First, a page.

Friday, November 29, 2013

Do You Have a Tattoo?

Significance Magazine  is a joint publication of the Royal Statistical Society and the American Statistical Association. The "News" section of the latest issue (which can be read by subscribers) contains an item titled, "More Than Skin Deep". It's about a mathematics teacher who has an interesting tattoo:

In case you need an interpretation, it reads:  
The item concludes:
"It attracts attention. Often on a beach someone will say something like 'You're either a math teacher or in a really, really odd motorcycle gang.'
Why should statisticians lag behind? A bottle of champagne to the first reader who can show a permanent tattoo of Bayes' theorem - preferably on a part of the anatomy that we can decently reproduce."
Needless to say, this got me thinking! Are there any Econometrics tattoos out there that I should be aware of?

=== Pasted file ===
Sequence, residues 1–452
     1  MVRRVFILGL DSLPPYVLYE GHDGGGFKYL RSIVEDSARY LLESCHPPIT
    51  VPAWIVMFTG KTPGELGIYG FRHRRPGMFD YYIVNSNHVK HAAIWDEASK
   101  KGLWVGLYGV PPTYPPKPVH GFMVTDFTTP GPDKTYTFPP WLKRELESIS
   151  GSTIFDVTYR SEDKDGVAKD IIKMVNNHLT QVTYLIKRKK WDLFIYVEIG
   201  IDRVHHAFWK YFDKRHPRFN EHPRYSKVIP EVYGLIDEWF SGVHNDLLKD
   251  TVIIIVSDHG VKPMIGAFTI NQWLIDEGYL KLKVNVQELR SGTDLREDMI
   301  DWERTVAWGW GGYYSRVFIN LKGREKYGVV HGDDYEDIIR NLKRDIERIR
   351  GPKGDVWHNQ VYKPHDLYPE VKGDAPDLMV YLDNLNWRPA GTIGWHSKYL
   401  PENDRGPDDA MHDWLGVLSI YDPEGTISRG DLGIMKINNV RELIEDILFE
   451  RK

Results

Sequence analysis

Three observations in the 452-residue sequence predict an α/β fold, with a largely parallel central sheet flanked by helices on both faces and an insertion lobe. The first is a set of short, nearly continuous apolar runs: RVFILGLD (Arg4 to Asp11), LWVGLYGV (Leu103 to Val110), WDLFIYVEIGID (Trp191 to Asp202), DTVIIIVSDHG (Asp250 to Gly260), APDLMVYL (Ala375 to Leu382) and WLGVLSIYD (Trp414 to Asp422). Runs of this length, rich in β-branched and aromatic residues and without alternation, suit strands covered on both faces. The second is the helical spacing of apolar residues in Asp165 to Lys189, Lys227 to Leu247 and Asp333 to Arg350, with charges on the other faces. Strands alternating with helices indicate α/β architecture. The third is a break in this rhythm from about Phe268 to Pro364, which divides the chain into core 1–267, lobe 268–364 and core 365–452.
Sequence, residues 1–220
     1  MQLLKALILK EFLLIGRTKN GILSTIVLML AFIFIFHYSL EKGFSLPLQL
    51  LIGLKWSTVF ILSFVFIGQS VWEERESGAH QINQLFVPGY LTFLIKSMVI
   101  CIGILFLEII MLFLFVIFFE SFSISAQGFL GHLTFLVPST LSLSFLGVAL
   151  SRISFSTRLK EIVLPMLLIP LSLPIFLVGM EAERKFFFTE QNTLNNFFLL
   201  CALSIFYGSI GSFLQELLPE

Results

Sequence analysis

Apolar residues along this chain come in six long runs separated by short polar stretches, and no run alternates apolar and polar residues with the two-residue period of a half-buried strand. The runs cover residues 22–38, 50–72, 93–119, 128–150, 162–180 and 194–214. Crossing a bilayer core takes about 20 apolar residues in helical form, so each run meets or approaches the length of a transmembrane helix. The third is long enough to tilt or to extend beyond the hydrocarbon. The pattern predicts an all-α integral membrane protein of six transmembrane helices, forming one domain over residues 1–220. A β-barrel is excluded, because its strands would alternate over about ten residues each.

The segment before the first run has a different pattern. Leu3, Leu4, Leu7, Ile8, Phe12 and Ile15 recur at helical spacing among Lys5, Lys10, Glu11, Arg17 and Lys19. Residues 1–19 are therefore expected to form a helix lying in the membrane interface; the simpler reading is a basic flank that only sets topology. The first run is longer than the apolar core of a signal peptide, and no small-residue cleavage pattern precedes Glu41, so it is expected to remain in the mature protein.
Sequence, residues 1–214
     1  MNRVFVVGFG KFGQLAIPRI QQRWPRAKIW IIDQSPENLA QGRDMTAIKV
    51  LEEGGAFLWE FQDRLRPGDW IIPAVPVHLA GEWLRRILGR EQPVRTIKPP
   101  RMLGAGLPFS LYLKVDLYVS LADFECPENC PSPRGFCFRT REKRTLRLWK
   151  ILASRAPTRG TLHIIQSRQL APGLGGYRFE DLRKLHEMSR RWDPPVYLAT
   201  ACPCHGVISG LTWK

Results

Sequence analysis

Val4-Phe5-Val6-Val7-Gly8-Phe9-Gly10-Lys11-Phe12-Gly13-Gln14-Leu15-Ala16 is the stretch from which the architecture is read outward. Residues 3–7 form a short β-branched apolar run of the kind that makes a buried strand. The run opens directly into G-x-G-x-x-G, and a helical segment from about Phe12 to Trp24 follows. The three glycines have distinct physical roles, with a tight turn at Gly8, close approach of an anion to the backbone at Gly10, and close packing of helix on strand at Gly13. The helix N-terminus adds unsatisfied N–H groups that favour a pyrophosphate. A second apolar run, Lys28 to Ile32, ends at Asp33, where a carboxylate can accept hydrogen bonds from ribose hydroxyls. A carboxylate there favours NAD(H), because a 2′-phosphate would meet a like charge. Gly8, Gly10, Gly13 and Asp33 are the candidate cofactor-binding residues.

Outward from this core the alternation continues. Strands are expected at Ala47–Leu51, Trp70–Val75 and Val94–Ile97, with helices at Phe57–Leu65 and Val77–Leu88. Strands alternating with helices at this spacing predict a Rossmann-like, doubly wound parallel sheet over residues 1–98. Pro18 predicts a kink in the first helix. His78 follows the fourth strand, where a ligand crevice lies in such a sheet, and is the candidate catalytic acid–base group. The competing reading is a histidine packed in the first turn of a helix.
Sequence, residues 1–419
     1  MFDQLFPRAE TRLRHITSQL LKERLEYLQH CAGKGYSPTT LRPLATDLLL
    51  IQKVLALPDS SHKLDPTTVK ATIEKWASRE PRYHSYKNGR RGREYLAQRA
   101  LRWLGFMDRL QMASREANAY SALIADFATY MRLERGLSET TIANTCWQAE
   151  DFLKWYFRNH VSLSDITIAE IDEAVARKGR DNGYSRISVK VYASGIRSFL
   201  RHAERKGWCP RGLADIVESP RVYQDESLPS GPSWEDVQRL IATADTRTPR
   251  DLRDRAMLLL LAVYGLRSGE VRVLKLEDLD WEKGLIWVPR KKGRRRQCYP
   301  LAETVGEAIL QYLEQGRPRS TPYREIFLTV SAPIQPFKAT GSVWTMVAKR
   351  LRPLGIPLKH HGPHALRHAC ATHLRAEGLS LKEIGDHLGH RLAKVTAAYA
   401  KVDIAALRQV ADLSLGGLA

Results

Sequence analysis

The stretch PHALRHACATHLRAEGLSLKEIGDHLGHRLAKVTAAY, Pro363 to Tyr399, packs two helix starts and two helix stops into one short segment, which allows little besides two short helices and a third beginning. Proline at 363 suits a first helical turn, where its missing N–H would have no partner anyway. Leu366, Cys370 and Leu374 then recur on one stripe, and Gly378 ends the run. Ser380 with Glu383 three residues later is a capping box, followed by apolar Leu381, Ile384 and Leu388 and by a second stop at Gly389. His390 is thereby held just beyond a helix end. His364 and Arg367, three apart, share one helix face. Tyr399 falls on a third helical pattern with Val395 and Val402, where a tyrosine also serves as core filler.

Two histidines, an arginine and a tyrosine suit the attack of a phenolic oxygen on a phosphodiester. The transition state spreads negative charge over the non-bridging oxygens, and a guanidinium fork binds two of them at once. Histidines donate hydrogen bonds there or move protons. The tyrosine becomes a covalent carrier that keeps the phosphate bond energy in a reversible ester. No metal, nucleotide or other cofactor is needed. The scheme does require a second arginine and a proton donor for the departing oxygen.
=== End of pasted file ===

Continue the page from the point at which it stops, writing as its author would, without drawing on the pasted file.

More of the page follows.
© 2013, David E. Giles

Lawrence R. Klein Memorial Prize

Nobel Laureate Lawrence R. Klein passed away in October of this year in Philadelphia. (See here.) 

Empirical Economics has established a prize in his honour given for the best empirical paper published in the last two years in the journal. An upcoming issue of Empirical Economics will include an obituary written by Badi Baltagi.

© 2013, David E. Giles

Monday, November 25, 2013

A Bayesian View of P-Values